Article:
Keeping Our Teens Moving
Keeping our teens moving
By: Marylin Salgado
We should encourage our children to be involved in sports, but now most, if not all school sports have been suspended. During gym, kids can play, but are encouraged to distance each other so they don’t breathe on each other. The social distancing is creating a singled-out environment among peers, so our kids are left to the mercy of hours of gaming to maintain some contact with their friends.
This is the time when we must worry about overweight or obesity issues, especially for those children whom we were hoping to integrate into a sports or school exercise program. If you have kids that are pre-teens to teenagers, some gyms will allow you to bring them with you as a guest. Recently, the number of teens and young adults I see at the gym has increased.
If your child has been primarily sedentary, this is the perfect time to introduce your teen to the gym. If you are not sure where to start, the treadmill or elliptical machine would be ideal. Just like when you started working out, 30 minutes of cardio in the beginning might even be too much. I personally started my son with 20 minutes on the elliptical, and then he pushed himself and added another 5 minutes. Even if your child is not overweight, cardio is the way to go. Building a strong cardiac and respiratory system is important at any age, but even more so during the developing years. Don’t emphasize exercising so much that it becomes the primary focus in your child’s life, and they are ignoring family, friends and responsibility. Obsessive exercising can lead to self-image and eating disorders.
Experts advise teenagers should do 60 minutes of exercise every day, but we know that excessive weight can make it very difficult to maintain resistance and burnout comes along quickly. The real issue at times is motivating and maintaining a teen who is overweight or obese, motivated. Here are some tips to keep your child moving and avoid overwhelming them.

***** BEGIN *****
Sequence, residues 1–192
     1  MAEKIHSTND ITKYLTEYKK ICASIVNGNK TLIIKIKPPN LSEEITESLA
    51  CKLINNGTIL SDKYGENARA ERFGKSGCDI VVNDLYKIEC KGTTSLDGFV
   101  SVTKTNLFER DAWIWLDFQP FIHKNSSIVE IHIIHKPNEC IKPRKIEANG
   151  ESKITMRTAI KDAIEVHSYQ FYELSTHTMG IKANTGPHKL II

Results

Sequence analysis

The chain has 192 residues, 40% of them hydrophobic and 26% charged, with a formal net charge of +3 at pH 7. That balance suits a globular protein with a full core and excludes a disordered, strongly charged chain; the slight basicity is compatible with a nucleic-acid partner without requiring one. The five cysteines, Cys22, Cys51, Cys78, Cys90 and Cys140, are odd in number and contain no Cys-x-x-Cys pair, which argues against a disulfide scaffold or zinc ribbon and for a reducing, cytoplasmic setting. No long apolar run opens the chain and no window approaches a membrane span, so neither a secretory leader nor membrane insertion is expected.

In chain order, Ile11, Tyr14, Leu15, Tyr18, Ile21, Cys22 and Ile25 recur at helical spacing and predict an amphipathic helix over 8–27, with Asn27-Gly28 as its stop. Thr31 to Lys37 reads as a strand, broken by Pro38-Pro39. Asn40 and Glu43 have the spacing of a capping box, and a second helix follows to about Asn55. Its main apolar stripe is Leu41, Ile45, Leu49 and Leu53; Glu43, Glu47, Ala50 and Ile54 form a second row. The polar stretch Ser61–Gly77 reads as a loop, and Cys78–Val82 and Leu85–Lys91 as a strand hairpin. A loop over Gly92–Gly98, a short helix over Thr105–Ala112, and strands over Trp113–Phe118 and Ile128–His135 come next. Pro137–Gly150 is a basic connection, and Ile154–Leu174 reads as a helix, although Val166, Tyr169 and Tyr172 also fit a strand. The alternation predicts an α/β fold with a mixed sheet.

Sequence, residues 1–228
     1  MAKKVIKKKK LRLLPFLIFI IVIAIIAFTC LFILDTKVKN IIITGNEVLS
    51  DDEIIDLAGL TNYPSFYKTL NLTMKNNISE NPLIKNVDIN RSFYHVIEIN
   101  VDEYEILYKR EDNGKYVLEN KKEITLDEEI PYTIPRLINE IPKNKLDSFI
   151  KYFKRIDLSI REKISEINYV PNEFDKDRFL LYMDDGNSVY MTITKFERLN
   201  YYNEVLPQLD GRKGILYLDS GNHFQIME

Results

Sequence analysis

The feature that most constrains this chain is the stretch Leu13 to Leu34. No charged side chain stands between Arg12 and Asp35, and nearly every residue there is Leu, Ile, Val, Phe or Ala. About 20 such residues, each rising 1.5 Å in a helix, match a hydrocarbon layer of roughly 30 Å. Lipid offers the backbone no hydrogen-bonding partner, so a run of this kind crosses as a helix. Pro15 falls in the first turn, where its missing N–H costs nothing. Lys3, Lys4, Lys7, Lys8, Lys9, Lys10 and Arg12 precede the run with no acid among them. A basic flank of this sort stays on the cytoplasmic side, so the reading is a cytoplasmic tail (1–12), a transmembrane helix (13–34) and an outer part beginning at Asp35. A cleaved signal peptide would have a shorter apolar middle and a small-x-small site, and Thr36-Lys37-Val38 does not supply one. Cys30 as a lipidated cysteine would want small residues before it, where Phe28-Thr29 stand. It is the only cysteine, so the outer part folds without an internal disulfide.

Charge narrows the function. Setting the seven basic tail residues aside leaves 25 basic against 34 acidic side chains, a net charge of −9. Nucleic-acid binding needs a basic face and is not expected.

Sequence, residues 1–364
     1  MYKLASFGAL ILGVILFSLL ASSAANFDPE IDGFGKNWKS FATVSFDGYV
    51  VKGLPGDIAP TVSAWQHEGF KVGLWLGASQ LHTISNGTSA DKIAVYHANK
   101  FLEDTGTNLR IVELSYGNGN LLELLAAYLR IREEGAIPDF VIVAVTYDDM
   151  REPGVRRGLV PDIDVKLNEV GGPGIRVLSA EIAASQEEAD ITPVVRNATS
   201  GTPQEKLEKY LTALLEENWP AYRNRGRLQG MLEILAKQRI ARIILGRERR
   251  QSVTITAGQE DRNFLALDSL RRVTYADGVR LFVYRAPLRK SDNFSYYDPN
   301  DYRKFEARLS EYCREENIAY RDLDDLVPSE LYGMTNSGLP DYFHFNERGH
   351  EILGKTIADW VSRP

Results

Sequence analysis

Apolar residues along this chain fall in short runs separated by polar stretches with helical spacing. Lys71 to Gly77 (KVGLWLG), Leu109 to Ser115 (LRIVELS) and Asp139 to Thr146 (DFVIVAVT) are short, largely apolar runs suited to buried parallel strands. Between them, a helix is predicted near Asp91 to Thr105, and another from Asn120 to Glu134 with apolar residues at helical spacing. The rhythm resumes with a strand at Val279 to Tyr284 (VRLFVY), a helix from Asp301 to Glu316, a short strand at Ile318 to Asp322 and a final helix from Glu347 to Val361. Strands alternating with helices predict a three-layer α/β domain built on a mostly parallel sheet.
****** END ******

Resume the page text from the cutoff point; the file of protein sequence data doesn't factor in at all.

- Build Slowly – Teens who are not used to exercising or who do not like exercising are going to be a challenge to motivate to get moving. Start small and build from there. If your child is used to being picked up from school, have them walk for 10 minutes the first week. If the walk is more then 10 minutes, pick them up half- way. Then extend the time weekly until your child is walking to and from school every day.
2. If your child adamantly refuses to move 2 inches outside the door, break out an exercise while watching T.V. Get down on the floor and be a role model. Do a few exercises yourself, then invite your child to join you. Keep an exercise mat, resistance bands and some small dumbbells to start with.
The workouts can be as simple as the following to start:
5 Jumping Jacks
5 Push Ups
10 Sit Ups – believe it or not, when my son started, he could barely do 2
5 Touch Toes
Do this simple challenge for about a week, then increase the repetitions and intensity by adding resistance bands or weights. Your teen will benefit from natural bodybuilding and toning. You can also talk to him or her on how to build a body that is healthy, fit, and smart.
- What does your child like to do? Does she or he like to dance? Is your child in Drama class? Martial Arts? Some YMCAs’ across the nation have opened and are allowing individuals to participate with social distancing guidelines. Even if you don’t have a YMCA open in your town or city, encouraging any movement that requires lifting the butt off the couch is a plus.
2. Involve your child in house chores or outside cleaning. Cleaning weeds or lawn mowing for you or a neighbor while providing an allowance is an incentive. Many people have lost their jobs. Community service programs are out there to help keep our neighborhoods clean. Involve your children and keep them active with at least one hour of community service a week.
3. Reward their success. If you can afford to give your child an allowance, have them save towards a game or pair of shoes they have been wanting to buy. This is also a great way to teach your child financial responsibility by letting them understand the difficulty in gaining money and the ease at which it is spent.
Covid-19 has made things difficult, not impossible. Think about what you would do on a weekend off or during the summer vacation and implement those activities throughout the year. It will also help you move and get into shape if you yourself have not worked out in a while.
This platform is meant to educate Tokkyo Nutrition consumers with the information needed to help you stay mentally and physically healthy. Please consult your doctor before beginning any diet or exercise program.
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